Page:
We must never forget the rights of the child in home education

My Home Education (Duty of Local Authorities) Bill will have its committee stage on the floor of the House next Friday 27th April. The core purpose of the bill is to create a register of children receiving elective home education and for the local authority to be able to assess the child’s educational achievement. Lord Solely write in Politics Home.

There are many reasons that parents home educate. Often it is a conscious and well thought out decision by parents and many of them do it extremely well and only light touch regulation is required. The local authority will be required to carry out an annual assessment of the child’s progress.

I am not and have never been opposed to home education. I think it is an important right for parents who choose to do it. But there are problem areas that need to be addressed and we must never forget the rights of the child.

Recent evidence suggests some children are being pushed into home educating because the school cannot cope with their underachievement or problematic behaviour. Others because they have special educational needs which the local authority have not properly addressed.

There are also a significant number of cases where the parents want to home educate but are having difficulties providing the child with a sufficient educational experience and sometimes return the child to school, which is disruptive for child and school alike. I have put down an amendment which will require the local authority to provide advice and information to such parents so that they can access other resources for the child.

I also believe society has a right and a duty to ensure a child is receiving the essentials of a good education – to be literate, numerate and able to write. There are obvious differences in skill levels for children, especially those with special educational needs. But I see no reason why regulations and assessment should not recognise different educational philosophies, as long as the child completes their education and is able to cope with the demands of modern society.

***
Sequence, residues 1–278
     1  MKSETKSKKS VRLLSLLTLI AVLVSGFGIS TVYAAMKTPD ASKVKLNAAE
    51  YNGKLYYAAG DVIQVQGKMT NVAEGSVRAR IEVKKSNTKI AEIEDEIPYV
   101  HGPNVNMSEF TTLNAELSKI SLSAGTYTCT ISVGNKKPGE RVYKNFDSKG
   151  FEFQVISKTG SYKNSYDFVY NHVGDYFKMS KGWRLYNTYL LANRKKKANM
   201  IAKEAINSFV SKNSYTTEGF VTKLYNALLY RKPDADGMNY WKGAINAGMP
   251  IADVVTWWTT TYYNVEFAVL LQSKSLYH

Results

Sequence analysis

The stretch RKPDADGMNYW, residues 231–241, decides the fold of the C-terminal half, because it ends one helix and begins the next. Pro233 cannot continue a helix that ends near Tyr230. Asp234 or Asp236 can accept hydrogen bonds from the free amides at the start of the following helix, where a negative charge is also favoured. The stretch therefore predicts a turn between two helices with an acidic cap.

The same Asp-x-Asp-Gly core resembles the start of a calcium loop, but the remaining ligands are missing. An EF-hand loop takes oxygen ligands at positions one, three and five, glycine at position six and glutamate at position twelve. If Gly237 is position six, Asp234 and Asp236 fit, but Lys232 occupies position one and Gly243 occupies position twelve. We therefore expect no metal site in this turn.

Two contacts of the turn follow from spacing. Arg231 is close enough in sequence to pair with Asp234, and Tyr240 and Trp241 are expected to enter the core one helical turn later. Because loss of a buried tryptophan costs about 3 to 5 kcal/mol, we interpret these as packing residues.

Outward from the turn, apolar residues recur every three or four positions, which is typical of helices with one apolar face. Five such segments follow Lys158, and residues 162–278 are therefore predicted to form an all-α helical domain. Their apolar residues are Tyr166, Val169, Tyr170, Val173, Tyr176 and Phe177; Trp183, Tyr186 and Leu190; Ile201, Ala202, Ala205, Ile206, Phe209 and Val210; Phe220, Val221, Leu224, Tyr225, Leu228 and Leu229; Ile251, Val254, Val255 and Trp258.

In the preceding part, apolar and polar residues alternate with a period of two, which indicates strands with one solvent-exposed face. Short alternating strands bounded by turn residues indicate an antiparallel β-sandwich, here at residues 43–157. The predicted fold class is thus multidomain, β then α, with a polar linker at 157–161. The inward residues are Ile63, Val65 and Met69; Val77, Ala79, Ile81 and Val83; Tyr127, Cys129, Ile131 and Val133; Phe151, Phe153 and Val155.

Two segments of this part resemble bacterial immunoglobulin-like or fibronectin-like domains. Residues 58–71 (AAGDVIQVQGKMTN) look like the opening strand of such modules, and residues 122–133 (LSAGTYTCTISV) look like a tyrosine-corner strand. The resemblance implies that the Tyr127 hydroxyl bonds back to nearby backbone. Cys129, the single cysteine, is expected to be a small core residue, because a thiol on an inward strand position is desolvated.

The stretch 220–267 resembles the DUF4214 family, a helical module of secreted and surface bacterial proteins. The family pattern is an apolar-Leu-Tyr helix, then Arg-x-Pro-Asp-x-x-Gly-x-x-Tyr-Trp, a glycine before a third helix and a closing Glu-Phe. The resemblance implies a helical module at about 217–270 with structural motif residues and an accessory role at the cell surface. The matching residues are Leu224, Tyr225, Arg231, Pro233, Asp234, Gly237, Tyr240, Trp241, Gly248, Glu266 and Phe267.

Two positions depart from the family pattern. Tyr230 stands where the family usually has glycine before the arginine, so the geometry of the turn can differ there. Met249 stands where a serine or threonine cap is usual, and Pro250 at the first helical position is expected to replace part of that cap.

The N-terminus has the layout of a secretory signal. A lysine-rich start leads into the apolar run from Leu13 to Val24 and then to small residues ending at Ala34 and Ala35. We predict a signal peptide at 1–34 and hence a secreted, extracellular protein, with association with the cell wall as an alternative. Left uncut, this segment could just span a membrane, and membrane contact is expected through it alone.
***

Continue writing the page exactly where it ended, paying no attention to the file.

I have received a number of letters from people who were home educated, who say, ‘My parents meant well but I just find it too difficult to get a job or deal with my shyness because the education they gave me was too restrictive’. They are, understandably, reluctant to talk about their difficulties in public. That is one of the reasons I would like to see some serious research carried out into the possibilities and problems of home education.

Read the full article We must never forget the rights of the child in home education

Please tell us your thoughts in comments or via Twitter ~ Tamsin

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Categories: Learning, Local authorities and Parenting.


  1. R

    I was painfully shy when I left school, and remained painfully shy all through sixth form, college, professional training…! I’m still shy 30 years later! Schools are noisy, confusing, even frightening for some so a lot of parents end up in home education because they have been looking for more appropriate options for their more sensitive children. Lack of support, bullying, inflexibility are all good reasons to look askance at state provision (exacerbated by funding cuts and ideological policies that have been introduced since 2010). Shyness is quite likely to be the reason their parents opted to home educate in the first place.